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Like Life Like Life by Lorrie Moore
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“This is what happened in love. One of you cried a lot and then both of you grew sarcastic.”
Lorrie Moore, Like Life
“One had to build shelters. One had to make pockets and live inside them.”
Lorrie Moore, Like Life
“Guns, she was reminded then, were not for girls. They were for boys. They were invented by boys. They were invented by boys who had never gotten over their disappointment that accompanying their own orgasm there wasn't a big boom sound.”
Lorrie Moore, Like Life
“She was not good on the phone. She needed the face, the pattern of eyes, nose, trembling mouth... People talking were meant to look at a face, the disastrous cupcake of it, the hide-and-seek of the heart dashing across. With a phone, you said words, but you never watched them go in. You saw them off at the airport but never knew whether there was anyone there to greet them when they got off the plane. ”
Lorrie Moore, Like Life
“Usually she ordered a cup of coffee and a cup of tea, as well as a brownie, propping up her sadness with chocolate and caffeine so that it became an anxiety.”
Lorrie Moore, Like Life
“She was afraid, and the afraid, she realized, sought opportunities for bravery in love.”
Lorrie Moore, Like Life
“For love to last, you had to have illusions or have no illusions at all. But you had to stick to one or the other. It was the switching back and forth that endangered things.”
Lorrie Moore, Like Life
“Pleasantness was the machismo of the Midwest. There was something athletic about it. You flexed your face into a smile and let it hover there like the dare of a cat.”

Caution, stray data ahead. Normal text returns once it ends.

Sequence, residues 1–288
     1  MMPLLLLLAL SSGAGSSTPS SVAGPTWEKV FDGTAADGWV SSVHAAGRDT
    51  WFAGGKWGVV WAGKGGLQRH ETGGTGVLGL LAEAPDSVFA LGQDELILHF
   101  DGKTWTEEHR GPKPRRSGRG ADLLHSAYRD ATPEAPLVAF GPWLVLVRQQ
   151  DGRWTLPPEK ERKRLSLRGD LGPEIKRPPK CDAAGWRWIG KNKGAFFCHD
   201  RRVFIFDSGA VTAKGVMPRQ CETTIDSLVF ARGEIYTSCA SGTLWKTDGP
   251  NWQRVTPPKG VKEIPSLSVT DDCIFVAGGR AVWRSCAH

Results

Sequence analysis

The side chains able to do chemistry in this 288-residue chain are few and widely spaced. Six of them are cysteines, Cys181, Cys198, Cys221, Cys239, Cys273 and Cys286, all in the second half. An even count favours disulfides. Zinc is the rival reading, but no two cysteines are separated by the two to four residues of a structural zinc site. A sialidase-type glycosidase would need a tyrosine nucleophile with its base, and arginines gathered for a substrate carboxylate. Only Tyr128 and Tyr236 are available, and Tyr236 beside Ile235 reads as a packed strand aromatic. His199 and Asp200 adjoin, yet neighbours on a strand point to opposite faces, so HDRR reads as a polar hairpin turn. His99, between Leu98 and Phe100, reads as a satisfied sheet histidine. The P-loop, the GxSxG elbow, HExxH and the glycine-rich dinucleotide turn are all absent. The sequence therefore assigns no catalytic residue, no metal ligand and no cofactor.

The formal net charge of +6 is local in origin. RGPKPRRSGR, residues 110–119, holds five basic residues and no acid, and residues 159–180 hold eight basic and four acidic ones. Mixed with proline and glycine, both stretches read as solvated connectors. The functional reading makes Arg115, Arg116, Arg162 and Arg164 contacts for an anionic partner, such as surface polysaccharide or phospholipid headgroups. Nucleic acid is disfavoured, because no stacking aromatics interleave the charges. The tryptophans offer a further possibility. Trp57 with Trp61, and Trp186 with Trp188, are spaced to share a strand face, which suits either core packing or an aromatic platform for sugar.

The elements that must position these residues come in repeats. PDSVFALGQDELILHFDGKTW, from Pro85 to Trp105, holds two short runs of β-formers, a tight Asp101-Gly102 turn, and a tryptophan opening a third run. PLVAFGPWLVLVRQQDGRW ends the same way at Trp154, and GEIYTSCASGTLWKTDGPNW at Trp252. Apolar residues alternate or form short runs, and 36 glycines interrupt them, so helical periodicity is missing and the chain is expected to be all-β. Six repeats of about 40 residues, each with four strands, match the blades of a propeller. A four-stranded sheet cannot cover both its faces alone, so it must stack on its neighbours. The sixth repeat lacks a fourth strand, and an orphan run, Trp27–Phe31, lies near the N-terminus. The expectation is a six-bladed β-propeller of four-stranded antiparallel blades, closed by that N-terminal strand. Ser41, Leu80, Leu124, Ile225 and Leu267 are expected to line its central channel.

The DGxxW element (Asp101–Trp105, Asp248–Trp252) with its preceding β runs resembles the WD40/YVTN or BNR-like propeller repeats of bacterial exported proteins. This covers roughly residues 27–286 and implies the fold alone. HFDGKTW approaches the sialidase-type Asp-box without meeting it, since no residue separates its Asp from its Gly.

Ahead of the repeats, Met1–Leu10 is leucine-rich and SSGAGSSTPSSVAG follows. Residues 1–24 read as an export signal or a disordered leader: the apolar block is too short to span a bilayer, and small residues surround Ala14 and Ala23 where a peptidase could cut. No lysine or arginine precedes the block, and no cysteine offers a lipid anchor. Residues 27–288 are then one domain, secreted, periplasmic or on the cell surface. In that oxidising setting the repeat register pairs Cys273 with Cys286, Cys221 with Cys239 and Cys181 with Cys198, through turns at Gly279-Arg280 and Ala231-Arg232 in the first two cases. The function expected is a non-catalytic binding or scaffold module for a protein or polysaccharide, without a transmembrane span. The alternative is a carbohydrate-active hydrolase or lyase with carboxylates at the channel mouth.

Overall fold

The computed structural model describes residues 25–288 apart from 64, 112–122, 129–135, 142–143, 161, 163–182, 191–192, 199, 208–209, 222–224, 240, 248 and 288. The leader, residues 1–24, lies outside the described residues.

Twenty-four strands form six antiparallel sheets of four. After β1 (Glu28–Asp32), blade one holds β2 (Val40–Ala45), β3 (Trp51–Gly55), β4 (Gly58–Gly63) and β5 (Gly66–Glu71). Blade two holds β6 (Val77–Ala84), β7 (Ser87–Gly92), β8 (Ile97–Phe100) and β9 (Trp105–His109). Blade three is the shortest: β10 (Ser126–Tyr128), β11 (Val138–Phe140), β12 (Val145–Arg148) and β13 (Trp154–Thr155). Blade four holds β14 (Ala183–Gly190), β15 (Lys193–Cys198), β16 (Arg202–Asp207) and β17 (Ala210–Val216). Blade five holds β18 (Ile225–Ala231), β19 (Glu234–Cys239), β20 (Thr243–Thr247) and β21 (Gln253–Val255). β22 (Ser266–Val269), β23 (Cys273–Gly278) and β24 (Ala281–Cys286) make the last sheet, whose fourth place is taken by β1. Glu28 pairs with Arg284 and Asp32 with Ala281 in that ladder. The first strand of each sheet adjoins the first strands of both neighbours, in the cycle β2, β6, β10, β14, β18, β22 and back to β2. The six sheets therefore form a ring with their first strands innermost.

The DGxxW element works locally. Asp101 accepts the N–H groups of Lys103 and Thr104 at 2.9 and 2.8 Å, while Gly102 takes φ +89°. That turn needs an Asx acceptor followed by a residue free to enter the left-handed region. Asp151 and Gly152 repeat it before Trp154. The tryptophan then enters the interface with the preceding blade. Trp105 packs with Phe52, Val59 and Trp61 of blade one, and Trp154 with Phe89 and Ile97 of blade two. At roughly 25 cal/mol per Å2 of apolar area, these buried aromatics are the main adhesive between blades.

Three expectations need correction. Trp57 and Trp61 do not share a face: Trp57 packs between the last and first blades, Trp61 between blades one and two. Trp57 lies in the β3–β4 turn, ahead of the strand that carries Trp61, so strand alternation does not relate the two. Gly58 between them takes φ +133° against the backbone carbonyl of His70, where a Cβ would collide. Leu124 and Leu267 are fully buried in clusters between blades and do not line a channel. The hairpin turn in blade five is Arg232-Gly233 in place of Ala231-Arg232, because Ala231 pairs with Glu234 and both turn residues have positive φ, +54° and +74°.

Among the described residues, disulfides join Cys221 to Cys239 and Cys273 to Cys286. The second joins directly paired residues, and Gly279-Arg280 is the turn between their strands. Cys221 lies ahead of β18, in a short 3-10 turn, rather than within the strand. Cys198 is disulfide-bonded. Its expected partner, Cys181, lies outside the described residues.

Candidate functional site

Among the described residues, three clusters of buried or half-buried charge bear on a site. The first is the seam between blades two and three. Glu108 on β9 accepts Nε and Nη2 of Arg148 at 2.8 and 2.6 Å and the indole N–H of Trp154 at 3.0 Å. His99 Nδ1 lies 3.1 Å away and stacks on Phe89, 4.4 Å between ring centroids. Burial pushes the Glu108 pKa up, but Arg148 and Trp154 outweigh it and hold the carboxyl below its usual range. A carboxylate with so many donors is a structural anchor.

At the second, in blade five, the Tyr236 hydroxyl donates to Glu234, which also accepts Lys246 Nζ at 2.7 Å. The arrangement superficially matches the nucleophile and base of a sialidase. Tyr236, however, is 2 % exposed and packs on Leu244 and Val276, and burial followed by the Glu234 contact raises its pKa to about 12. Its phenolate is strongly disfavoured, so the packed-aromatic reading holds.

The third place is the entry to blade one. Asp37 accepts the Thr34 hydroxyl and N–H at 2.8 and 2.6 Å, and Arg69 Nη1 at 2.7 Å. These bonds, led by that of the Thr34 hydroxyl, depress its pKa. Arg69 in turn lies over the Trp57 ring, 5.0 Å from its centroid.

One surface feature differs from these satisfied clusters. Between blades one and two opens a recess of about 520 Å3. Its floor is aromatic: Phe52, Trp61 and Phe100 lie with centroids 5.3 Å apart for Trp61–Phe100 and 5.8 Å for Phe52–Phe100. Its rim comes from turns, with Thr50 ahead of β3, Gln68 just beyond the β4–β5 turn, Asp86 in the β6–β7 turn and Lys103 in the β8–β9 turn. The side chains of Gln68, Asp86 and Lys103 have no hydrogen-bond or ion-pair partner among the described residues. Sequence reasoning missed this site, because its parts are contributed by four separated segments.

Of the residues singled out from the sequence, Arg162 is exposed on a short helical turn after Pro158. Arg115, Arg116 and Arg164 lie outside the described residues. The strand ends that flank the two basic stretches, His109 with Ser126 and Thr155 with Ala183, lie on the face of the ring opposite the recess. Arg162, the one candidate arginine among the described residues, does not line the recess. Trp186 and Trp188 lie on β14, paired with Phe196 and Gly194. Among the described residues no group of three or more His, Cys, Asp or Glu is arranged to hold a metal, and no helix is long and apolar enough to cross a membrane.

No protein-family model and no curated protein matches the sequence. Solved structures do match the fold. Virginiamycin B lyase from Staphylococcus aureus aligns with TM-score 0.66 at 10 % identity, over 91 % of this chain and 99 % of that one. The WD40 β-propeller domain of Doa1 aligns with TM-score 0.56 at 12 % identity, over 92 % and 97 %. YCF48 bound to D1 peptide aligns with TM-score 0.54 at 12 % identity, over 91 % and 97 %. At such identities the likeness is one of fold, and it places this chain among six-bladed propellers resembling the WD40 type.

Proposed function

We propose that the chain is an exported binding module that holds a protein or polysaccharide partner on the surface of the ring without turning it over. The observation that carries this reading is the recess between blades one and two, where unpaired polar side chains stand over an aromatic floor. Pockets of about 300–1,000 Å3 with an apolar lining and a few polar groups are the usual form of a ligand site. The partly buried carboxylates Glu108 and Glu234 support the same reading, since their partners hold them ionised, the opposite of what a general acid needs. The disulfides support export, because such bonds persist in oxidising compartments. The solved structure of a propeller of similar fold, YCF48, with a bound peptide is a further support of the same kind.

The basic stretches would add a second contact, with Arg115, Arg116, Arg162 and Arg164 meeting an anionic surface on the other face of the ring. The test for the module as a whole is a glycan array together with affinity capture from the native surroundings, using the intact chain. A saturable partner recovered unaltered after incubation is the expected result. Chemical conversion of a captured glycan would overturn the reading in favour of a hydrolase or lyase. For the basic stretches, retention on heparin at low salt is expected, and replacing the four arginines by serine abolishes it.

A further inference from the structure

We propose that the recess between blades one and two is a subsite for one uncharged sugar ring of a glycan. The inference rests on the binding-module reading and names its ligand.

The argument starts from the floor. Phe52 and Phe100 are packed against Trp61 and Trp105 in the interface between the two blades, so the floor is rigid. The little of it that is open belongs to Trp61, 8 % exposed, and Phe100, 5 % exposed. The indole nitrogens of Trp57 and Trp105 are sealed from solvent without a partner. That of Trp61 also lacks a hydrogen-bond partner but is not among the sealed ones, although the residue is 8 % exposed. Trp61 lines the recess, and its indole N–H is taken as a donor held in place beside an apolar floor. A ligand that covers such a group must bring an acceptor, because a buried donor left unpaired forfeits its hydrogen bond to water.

Lorrie Moore, Like Life
“Nothing is a joke with me. It just all comes out like one.”
Lorrie Moore, Like Life
“This is what happened in love. One of you cried a lot and then both of you grow sarcastic.”
Lorrie Moore, Like Life
“You chose love like a belief, a faith, a place, a box for one's heart to knock against like a spook in the house.”
Lorrie Moore, Like Life
“Mostly, however, he had books about love. He believed in studying his own heart this way.”
Lorrie Moore, Like Life
“She knew there were only small joys in life--the big ones were too complicated to be joys when you got all through--and once you realized that, it took a lot of the pressure off.”
Lorrie Moore, Like Life
“Everyone these days was defensive about their lives. Everyone had settled.”
Lorrie Moore, Like Life
“Sometimes it seemed that she and rudy were two people attempting to tango, sweating and trying, long after the orchestra had grown tired, long after everyone else had gone home.”
Lorrie Moore, Like Life
“Mave believed that not being able to see your life clearly, to scrutinize it intelligently, meant that probably you were at the dead center of it, and that couldn't possibly be a bad thing.”
Lorrie Moore, Like Life
“Through all the muck of themselves, the times they had unobligated each other, the anger, the permitted absences, the loneliness grown dangerous, she had always returned to him. He'd had faith in that - abracadabra! But eventually the deadlines set in again. Could you live in the dead excellence of a thing - the stupid mortar of a body, the stubborn husk love had crawled from? Yes, he thought.”